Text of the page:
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Dec28-10, 07:46 PM
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Quote Quote by yoda jedi View Post
and physical !
i posted it at the post #53
Yes, that Busch/Jaeger paper is an extremely valuable contribution here. Thanks yoda....

Zeilinger's take on the metaphysics is also worth reading (as no one can complain about his empirical credentials )...

Anyway, from Busch/Jaeger is this elegant statement of the need for bold new metaphysics (and not to allow the "shut up and calculate" old guard shout us down)....

These quotations capture the tension between two opposing philosophical positions:
scientific realism versus instrumentalist empiricism. On the one hand, Einstein’s concern
was to uphold a world view based on what is commonly referred to as “local realism,”
in which probability plays a primarily epistemic role, whereas Heisenberg was prepared
to accept quantum indeterminacy and probability as primarily ontic, that is, as essential
features of the physical world. On the other hand, there is still a strong presence of the
view that Quantum Mechanics is nothing more than a formalism for the calculation of
measurement statistics.
Many physicists now adopt a pragmatic double approach: they practice a realist outlook
for the purposes of heuristic explorations of new models and the discussion of experiments, using intuitive pictures of individual (sub)atomic objects; but when challenged, they only admit to the minimal probabilistic or statistical interpretation of QuantumMechanics. This conflicted attitude has similarly been noted by D’Espagnat [4].
It seems to us that a more coherent and productive approachwould be to investigate systematically all possible variants of realist interpretations of Quantum Mechanics, including those in which probabilities are not essentially epistemic.
Zeilinger is not nearly so specific about the proper focus of this next step, but he endorses a holistic approach in general....

It is very highly likely that the new paradigm will contain holistic aspects. This follows in the most direct way from the fact, that in the Copenhagen interpretation it is impossible to dissect a quantum phenomenon into its parts. This may be expressed by saying that the preparation of a quantum system, its evolution and its observation, form one whole entity which, following both Bohr and Wheeler, we call the quantum phenomenon. Holistic aspects also follow from the fact that in a multi-particle-system it is not possible, not even for perfect correlations, to pre-assign properties to the individual members of the ensembles[35]. Such properties can only be assigned in the specific context of the whole experimental setup for all particles together. Then, in any case, they show up only in the correlations. This, I suggest, is another beautiful corroboration of Bohr's point of view[36].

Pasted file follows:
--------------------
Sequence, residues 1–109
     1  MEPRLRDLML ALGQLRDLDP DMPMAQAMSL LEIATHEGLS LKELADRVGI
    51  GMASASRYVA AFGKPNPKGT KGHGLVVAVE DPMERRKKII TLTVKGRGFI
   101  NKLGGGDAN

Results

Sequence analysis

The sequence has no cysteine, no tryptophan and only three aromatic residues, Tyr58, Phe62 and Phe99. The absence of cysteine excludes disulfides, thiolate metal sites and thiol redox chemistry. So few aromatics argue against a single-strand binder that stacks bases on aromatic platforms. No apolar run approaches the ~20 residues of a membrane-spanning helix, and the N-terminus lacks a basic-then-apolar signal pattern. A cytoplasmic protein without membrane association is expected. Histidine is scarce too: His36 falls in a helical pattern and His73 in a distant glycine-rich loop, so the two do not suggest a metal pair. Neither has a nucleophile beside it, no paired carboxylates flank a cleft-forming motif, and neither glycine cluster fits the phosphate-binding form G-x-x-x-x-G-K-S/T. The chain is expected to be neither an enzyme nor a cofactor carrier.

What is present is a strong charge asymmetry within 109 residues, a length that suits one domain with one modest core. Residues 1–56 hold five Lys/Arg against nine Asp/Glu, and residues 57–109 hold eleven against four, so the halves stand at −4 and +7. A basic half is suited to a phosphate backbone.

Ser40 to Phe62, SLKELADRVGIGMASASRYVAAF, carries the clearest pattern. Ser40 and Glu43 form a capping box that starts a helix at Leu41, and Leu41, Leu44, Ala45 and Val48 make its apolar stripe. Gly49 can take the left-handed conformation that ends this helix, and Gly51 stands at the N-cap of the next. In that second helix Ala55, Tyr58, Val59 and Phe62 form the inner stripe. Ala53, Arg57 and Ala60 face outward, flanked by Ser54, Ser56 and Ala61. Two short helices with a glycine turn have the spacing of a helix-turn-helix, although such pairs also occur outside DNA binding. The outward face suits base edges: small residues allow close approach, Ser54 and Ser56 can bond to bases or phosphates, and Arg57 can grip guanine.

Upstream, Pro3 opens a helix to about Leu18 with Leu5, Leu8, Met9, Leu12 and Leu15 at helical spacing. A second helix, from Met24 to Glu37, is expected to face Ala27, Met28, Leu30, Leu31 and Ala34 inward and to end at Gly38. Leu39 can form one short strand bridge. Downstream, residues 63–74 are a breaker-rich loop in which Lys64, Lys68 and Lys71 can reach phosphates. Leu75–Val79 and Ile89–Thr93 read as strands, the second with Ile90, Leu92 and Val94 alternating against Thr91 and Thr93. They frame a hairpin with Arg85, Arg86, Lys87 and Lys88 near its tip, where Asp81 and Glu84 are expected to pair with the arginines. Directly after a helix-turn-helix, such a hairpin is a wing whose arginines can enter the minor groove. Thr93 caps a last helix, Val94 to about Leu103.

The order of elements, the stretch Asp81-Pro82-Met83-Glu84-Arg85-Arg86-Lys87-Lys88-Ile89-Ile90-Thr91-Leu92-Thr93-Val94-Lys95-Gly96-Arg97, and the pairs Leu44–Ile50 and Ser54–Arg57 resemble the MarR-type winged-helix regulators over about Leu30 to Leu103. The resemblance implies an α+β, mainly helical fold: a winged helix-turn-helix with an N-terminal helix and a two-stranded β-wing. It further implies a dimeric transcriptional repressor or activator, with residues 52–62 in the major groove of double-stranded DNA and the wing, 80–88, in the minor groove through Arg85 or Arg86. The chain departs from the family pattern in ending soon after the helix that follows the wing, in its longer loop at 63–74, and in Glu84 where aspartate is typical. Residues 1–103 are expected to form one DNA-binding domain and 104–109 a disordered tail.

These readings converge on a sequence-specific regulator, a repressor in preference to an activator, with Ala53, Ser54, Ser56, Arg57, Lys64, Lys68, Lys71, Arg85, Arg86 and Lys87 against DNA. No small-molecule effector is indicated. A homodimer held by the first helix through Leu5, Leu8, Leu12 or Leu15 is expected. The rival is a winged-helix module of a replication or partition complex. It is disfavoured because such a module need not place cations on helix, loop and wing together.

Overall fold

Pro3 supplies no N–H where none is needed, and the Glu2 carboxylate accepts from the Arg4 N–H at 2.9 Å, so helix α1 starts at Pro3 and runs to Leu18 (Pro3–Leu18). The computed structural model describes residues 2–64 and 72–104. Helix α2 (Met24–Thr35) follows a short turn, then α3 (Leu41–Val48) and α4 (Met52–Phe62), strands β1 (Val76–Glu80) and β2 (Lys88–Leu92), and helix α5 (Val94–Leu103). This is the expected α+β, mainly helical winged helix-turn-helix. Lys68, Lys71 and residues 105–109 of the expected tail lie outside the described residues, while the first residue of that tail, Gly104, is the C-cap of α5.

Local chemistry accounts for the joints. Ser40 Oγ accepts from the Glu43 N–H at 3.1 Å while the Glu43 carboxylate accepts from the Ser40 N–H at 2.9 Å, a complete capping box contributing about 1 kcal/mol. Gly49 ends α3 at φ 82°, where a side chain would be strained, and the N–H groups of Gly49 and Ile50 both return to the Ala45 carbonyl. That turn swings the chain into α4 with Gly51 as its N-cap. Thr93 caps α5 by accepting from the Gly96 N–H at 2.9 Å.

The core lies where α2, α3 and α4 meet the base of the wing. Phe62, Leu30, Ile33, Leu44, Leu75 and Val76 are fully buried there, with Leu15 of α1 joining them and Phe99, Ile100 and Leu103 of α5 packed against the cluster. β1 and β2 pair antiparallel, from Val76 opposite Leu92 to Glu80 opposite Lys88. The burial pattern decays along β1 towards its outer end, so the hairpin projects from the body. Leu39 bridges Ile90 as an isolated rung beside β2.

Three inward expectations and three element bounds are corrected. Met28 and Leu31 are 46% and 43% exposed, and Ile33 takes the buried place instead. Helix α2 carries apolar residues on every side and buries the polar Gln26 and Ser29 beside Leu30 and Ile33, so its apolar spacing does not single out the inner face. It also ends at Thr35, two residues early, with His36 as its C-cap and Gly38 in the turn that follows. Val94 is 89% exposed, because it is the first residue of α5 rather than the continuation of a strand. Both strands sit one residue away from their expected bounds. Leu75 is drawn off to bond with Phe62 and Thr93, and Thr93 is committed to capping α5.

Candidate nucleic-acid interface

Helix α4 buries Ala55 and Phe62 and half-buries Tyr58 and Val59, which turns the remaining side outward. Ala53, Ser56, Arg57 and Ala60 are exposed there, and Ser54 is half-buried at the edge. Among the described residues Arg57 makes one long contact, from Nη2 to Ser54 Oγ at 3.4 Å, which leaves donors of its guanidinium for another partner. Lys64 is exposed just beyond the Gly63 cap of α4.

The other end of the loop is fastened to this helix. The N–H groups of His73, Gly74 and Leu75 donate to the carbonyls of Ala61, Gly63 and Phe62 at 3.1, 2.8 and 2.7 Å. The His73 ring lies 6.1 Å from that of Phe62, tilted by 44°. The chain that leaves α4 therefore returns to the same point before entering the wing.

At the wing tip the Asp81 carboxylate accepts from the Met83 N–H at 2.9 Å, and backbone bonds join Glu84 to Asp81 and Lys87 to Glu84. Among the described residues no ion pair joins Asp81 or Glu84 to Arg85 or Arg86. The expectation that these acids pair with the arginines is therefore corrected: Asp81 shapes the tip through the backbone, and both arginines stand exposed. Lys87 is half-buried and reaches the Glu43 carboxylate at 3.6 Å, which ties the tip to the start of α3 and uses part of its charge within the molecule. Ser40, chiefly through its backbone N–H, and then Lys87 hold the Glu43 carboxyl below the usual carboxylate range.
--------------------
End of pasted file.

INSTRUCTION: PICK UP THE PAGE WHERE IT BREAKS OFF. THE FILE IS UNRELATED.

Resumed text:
In this statement further on in Busch/Jaeger, they get precisely to the heart of the problem as I have frequently outlined it.....

In the case of quantum systems, properties can be considered objectively indefinite and sets of propositions regarding them complementary to specific other sets of propositions, so that it becomes impossible to jointly attribute them. Thus, quantum mechanics involves a unique form of vagueness distinct from those considered before.
What is crucial here is that complementarity (asymmetry, dichotomy) is part of the QM package. The logic involves both the initiating conditions, the indeterminate potential that is vague, and then also the decohering observation, the global set of constraints that crisply dichotomises this potential.

This is what is missing from most ontic vagueness proposals. People say well a vagueness is free do develop in any fashion really. But no. Only dichotomous outcomes are in fact possible. This was Anaximander's insight 2400 years ago. It has echoed down the years in the I Ching, Hegelian logic, etc. Yet people still seem to manage to overlook it.

There is just no accident that QM is based on orthogonal or complementary crisp observables. Systems logic says it could be no other way!

Here Busch/Jaeger state a consequence of this view. We can then go on to define vagueness (empirically, physically!) in complementary terms. It is a mixed state - a mixture of paired, dichotomous, outcomes.

It is also appropriate to think of an indeterminate property as an element of unsharp reality in the following sense. If a property P is indeterminate, then so is its complement P⊥ = I −P. Thus, both P and P⊥ have a nonzero degree of reality, they coexist, to a nonzero degree of actuality, in the given state. In this sense they are both simultaneously but “unsharply” defined. This description seems to be in agreement with Bohr’s account of the uncertainty relation: in a quantum state given by (say) a Gaussian wave function, the position and momentum of the quanton are, according to Bohr, both defined with a latitude. Bohr uses the phrase “unsharply defined individual” to characterize this situation.
Busch/Jaeger keep on hitting the mark. They correctly get the distinction between vagueness and fuzzy logic approaches...

It is important to note that the nature of the fuzziness of quantum effects differs fundamentally from that of fuzzy sets, however. In the latter case, the rule for the application of one of a set of alternative fuzzy sets is based on there being an underlying fine-grained level of actual reality.
So as I replied to the OP, between total realism and total unrealism, there is the intermediate ontic position which takes indeterminacy seriously.

And Busch and Jaeger is probably the best paper I've seen on this so far.